Posted by: ckckred | November 27, 2012

Why I’m Excited About Zero Dark Thirty

Kathryn Bigelow’s follow-up to The Hurt Locker has received an early positive response

I can name plenty of reasons why I love Kathryn Bigelow’s The Hurt Locker.  It was an incredible war film, one of the best in years.  It was dark, gritty, and unafraid to go where other films haven’t.  And last but not least it beat Avatar for Best Picture (yeah, I had to mention the last one).

So I’m very, very excited for Zero Dark Thirty, which is Bigelow’s newest film.  The movie boasts an excellent cast with some of my favorite actors including Jessica Chastain (The Tree of Life), James Gandolfini (The Sopranos), and Kyle Chandler (Friday Night Lights).

And early reviews have the film have been very positive.  I’ve read two reviews, one from Todd McCarthy of The Hollywood Reporter and Richard Corliss of Time Magazine (click on their names for the links).  Here are a few quotes from the reviews.

Whether you call it well-informed speculative history, docudrama re-creation or very stripped-down suspense filmmaking, Zero Dark Thirty matches form and content to pretty terrific ends. A long-arc account of the search for Osama bin Laden seen from the perspective of an almost insanely focused female CIA officer who never gives up the hunt until the prey ends up in a body bag, Kathryn Bigelow’s and Mark Boal’s heavily researched successor to Oscar winner The Hurt Locker will be tough for some viewers to take, not only for its early scenes of torture, including waterboarding, but due to its denial of conventional emotionalism and non-gung ho approach to cathartic revenge-taking. Films touching on 9/11, such as United 93, World Trade Center and Extremely Loud & Incredibly Close, have proved commercially toxic, and while this one has a “happy” ending, its rigorous, unsparing approach will inspire genuine enthusiasm among the serious, hardcore film crowd more than with the wider public.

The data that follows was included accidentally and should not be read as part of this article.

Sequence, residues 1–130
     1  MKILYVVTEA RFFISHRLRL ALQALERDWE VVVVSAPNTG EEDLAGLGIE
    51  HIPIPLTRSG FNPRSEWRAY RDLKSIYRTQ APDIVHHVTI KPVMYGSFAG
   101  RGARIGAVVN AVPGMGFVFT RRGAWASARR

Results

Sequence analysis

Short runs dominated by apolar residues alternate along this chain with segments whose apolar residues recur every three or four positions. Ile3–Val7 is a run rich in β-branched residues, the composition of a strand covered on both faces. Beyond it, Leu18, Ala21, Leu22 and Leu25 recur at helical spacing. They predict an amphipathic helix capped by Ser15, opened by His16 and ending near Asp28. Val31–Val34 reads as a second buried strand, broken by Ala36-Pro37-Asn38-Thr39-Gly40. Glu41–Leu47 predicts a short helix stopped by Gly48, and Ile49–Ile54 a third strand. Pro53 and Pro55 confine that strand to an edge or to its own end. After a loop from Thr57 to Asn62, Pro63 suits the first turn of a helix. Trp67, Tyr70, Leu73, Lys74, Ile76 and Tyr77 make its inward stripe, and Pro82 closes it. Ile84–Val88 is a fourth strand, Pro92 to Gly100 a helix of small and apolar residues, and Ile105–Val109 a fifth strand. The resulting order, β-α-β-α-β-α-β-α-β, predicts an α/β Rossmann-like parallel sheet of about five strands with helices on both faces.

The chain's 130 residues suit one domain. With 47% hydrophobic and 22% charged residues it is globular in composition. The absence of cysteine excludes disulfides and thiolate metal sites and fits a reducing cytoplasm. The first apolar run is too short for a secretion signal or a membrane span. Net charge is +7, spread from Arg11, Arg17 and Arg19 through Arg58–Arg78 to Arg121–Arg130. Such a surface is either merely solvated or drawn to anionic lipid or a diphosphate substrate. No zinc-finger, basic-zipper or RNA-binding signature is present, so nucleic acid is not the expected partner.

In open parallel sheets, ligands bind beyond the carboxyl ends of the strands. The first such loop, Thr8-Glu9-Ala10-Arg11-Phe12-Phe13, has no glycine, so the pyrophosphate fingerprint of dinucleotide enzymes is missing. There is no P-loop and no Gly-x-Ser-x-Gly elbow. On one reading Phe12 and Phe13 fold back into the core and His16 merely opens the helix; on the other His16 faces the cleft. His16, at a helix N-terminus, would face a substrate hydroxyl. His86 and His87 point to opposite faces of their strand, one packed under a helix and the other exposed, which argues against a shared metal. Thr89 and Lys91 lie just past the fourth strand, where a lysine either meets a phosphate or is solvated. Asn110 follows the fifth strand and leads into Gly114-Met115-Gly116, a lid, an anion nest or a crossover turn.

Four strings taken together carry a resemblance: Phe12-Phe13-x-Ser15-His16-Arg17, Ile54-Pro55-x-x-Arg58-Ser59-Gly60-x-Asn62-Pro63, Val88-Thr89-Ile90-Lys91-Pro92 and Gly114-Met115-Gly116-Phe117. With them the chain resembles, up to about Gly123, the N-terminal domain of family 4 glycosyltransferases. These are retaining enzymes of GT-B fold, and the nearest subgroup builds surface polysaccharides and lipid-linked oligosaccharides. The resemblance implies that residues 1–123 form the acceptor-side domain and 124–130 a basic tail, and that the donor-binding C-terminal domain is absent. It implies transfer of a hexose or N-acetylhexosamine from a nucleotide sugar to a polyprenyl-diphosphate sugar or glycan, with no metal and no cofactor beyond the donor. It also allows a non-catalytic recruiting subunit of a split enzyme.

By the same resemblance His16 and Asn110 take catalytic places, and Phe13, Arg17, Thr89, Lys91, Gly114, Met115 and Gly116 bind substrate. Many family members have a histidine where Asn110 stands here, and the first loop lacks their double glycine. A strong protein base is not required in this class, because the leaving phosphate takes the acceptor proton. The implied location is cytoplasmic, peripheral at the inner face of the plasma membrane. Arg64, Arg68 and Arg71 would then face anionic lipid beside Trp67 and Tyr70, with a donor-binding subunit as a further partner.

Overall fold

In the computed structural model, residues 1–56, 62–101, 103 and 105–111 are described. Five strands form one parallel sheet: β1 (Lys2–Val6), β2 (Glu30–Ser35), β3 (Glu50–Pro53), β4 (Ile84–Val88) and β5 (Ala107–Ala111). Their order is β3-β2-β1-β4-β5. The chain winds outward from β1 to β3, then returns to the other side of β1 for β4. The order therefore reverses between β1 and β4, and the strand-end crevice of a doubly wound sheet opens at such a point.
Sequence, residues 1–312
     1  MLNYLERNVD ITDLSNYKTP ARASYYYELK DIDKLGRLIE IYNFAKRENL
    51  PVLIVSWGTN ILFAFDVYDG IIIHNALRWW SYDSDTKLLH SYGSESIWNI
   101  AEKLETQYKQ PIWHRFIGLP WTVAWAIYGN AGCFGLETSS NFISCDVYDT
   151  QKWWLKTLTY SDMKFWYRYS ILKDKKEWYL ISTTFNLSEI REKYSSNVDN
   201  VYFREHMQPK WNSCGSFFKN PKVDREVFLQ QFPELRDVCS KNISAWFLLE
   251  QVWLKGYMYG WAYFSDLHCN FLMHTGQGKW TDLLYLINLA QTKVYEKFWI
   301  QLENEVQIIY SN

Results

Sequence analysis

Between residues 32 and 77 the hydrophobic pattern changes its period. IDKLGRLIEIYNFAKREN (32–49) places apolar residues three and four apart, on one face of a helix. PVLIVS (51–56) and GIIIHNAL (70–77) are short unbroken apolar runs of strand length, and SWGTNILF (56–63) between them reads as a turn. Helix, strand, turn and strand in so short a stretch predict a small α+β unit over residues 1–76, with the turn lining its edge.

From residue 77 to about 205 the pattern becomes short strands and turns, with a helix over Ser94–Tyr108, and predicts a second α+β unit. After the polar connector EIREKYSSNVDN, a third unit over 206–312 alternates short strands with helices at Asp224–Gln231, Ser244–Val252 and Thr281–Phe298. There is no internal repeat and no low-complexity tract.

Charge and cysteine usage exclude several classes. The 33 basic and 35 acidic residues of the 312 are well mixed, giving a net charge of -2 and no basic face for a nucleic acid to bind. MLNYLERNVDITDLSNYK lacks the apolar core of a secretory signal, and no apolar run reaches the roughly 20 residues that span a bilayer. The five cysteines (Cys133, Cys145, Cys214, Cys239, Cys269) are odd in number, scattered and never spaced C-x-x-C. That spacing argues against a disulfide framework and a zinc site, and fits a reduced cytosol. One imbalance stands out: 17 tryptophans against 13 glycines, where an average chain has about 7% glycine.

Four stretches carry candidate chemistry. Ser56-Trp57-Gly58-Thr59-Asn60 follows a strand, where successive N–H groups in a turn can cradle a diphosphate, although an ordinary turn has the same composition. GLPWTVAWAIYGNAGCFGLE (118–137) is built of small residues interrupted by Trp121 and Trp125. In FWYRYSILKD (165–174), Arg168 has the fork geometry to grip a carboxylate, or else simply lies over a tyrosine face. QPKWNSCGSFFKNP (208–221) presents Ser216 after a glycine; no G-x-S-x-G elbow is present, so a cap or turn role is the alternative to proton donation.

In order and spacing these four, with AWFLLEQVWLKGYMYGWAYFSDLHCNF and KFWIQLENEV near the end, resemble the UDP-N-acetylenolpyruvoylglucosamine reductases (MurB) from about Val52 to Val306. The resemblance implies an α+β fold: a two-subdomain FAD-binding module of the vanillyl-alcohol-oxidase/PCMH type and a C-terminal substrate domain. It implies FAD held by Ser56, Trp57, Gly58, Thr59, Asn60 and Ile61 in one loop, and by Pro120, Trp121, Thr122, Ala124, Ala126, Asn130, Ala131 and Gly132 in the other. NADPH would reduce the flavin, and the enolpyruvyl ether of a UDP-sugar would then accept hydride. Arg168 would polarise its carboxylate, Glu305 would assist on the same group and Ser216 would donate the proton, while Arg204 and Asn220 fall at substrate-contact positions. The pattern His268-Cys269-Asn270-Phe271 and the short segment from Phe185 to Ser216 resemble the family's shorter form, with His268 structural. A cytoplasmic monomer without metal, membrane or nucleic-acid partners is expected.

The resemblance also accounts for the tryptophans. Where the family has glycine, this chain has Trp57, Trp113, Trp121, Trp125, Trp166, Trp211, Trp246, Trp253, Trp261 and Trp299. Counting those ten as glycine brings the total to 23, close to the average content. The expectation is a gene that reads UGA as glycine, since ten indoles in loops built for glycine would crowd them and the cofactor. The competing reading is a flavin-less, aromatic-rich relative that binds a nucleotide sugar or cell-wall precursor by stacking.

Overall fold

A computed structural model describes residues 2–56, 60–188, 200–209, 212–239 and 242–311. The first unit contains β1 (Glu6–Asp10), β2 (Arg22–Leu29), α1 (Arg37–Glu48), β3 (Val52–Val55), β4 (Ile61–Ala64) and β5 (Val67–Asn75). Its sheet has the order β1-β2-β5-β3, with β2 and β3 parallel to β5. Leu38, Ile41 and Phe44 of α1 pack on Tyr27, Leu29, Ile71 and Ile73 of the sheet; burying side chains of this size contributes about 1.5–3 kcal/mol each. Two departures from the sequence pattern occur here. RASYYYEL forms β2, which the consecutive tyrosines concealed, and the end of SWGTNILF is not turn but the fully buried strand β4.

-Todd McCarthy

Zero Dark Thirty is a movie, and a damned fine one. Like Argo — which, with all due respect to director Ben Affleck and the film’s many admirers, ZDT blows out of the water — it dramatizes a true-life international adventure with CIA agents as the heroes. (And it takes fewer fictional liberties with the source material than Affleck did.) In the tradition of Truman Capote’s In Cold Blood and Tom Wolfe’s The Right Stuff, Boal tracked down the particulars of a sensational exploit and, skipping the “nonfiction novel” stage, created an original screenplay that provides a streamlined timeline of the hunt for bin Laden. The word docudrama doesn’t hint at Boal’s achievement. This is movie journalism that snaps and stings, that purifies a decade’s clamor and clutter into narrative clarity, with a salutary kick.

-Richard Corliss

Zero Dark Thirty will debut in mid December for limited release and make a wider release in January.

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Responses

  1. Until I learned Bigelow was the director I was worried about this film. Now I’m not. Thanks for sharing the write-ups.

    • Thanks! I have confidence that Bigelow will do well.

  2. This has been one of my most anticipated films. I can’t wait for it. Just hate that it was pushed till January.

    • Yeah, it’s probably been mine too. I don’t know why they moved it to January. Thanks for commenting.


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